For those of us who do not consider ourselves birders, just sorting out common species can be a challenge, and the rarer ones even more so, as Pam Owen explores in this week’s Wild Ideas column.
Richard Brady is hoping by the time you read this we will have been blessed with a little rain, and remembers those trips to Dad's 18-foot, hand-dug well in Pullentown.
A beautiful, uncomfortable film on birds’ decline screens for free on Friday, Sept. 16, followed by some possible seeds of change.
SEIA (Solar Energy Industries Association) has just revealed that solar accounted for 64 percent of new electric-generating capacity in the U.S. during the first quarter of 2016. That was more than coal, natural gas and nuclear combined.
In this week’s Wild Ideas column, Pam Owen contemplates what constitutes a “pest” is and the vagaries managing them.
Marc Malik (second from left) receives a certificate of appreciation from RappFLOW board members (from left) Bev Hunter, Carolyn Thornton, Forrest Marquisee and Donna Marquisee.
Linda said I had caught two coons. I thought she was joking. I had no idea how that live trap would catch two animals at once, but that was what I had in the trap. I had caught a big…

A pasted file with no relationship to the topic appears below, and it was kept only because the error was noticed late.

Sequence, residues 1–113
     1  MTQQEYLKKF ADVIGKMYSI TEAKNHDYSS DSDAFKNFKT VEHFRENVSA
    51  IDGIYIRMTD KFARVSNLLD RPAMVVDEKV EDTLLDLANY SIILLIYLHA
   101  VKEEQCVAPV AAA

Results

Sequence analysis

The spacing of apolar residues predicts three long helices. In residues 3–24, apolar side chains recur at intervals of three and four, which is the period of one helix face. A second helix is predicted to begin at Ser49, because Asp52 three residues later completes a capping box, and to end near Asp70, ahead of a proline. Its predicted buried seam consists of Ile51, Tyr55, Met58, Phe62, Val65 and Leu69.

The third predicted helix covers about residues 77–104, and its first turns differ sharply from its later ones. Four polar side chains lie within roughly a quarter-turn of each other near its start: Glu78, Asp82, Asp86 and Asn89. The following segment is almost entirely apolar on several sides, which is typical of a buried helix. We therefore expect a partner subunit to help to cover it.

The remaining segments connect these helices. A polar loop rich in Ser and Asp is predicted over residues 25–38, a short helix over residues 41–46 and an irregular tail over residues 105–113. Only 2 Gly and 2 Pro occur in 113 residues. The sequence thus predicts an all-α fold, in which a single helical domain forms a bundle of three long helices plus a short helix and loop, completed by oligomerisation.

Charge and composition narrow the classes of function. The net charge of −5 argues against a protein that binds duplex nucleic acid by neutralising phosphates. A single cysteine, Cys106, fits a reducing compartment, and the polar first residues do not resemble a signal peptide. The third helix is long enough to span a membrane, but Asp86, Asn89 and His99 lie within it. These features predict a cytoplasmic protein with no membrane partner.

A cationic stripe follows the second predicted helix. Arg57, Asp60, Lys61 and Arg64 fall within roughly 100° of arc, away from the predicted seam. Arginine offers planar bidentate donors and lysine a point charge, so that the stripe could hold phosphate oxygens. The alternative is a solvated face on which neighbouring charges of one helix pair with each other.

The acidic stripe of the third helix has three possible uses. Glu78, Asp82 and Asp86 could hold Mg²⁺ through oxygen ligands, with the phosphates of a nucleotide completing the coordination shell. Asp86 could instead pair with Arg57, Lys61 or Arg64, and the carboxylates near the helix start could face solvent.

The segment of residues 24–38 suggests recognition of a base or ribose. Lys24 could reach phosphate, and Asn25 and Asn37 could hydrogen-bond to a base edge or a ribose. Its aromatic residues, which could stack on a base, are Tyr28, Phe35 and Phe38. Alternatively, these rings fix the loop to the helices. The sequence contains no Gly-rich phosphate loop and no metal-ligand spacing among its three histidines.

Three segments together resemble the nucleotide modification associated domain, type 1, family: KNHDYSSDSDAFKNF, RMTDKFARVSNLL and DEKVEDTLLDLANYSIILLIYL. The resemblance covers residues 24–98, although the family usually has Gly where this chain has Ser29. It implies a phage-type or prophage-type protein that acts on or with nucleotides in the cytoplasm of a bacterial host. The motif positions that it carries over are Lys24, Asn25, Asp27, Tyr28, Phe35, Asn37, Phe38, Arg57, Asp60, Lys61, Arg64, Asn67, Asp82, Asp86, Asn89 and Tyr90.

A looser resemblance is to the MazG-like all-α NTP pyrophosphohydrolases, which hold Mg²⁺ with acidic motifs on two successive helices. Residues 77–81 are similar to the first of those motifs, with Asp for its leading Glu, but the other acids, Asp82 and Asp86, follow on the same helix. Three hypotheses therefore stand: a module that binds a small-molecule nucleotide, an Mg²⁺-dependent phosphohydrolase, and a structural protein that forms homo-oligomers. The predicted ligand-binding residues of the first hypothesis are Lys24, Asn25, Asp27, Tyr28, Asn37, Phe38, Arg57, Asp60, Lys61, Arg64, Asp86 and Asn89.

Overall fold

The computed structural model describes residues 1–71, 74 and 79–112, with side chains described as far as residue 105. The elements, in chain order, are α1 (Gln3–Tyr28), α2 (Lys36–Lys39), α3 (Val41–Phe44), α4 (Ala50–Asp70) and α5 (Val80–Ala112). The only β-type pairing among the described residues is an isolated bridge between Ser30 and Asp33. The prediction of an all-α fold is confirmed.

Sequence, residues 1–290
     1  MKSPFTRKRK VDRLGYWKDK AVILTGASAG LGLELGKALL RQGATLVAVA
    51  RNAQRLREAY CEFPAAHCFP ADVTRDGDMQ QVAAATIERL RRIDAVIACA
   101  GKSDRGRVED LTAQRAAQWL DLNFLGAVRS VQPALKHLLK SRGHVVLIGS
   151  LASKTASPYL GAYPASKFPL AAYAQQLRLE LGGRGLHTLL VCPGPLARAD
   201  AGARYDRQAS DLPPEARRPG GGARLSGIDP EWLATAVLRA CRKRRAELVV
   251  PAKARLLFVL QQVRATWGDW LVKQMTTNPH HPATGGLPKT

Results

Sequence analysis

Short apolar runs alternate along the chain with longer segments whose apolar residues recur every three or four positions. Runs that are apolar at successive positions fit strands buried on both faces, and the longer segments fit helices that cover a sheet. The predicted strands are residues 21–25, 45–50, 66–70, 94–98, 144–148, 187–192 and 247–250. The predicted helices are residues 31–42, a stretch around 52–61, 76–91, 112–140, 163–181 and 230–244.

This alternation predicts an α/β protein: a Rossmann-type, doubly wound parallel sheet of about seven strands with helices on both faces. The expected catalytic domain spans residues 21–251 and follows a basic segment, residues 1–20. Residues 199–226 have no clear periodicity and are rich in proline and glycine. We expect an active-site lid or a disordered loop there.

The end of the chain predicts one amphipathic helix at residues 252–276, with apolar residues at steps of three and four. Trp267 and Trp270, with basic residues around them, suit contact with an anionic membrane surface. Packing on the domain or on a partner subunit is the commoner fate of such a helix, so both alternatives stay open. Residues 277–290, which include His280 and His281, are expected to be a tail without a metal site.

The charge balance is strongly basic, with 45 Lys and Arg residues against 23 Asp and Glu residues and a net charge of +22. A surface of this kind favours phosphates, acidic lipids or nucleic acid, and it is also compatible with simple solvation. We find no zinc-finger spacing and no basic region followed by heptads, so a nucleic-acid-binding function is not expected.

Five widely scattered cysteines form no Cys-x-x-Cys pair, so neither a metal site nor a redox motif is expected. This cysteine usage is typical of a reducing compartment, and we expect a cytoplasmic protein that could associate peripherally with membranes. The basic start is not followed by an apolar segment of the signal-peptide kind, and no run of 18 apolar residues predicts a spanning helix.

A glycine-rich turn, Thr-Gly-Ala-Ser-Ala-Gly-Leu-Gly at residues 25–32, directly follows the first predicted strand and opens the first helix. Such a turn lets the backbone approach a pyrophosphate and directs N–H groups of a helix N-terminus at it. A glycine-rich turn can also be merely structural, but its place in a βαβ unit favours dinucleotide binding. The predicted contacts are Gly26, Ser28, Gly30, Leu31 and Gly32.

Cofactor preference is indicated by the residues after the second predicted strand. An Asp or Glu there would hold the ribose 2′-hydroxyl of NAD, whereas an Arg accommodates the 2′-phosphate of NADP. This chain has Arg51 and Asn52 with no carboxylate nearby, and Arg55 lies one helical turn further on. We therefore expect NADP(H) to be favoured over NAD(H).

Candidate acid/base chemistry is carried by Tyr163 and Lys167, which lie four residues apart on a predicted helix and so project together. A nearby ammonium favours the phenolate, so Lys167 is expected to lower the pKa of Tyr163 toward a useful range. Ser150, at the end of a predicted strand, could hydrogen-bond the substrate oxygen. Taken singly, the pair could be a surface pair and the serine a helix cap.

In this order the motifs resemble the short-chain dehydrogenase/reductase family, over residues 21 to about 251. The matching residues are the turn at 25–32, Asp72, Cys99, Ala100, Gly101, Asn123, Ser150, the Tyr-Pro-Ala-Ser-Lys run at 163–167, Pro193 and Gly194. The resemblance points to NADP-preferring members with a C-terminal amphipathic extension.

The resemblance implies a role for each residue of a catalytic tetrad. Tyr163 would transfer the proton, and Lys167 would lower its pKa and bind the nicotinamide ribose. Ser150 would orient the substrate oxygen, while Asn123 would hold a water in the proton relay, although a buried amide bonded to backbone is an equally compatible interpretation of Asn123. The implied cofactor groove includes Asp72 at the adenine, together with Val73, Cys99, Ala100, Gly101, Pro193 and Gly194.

Farmer's Market vendors, Ladybug Mountain Farm and The Farm at Sunnyside, work hard and travel far to sell their products.
In an effort to increase his farm’s profitability and reduce environmental impacts such as runoff and soil erosion, Flint Hill farmer Mike Sands began working with The Piedmont Environmental Council (PEC) in 2013.
Rappahannock’s family farmers, present and future, rely on hard work and a hefty set of tools to keep growing.
It’s time to register for the sixth annual Little Washington-Rappahannock County butterfly count, hosted by the Old Rag Chapter of the Virginia Master Naturalists (ORMN).
The Rappahannock League for Environmental Protection (RLEP) held its board meeting Monday evening atop Red Oak Mountain in Woodville.
Having a passion for nature can be rewarding in many ways, but now scientists are finding that being out in nature offers real health benefits.
In the past few weeks, Pam Owen has had some interesting encounters with some amazing fungi, a magnificent millipede, a snapping turtle that mysteriously disappeared and some finicky orchids.
As more and more people have looked to the promise of the Appalachian Trail for freedom, some have developed concerns about the trail’s sustainability.
The five-year court battle is over. The Supreme Court of the United States, by declining to hear the case, has affirmed two lower courts’ decisions that the U.S. Environmental Protection Agency did not overstep its bounds by setting total maximum…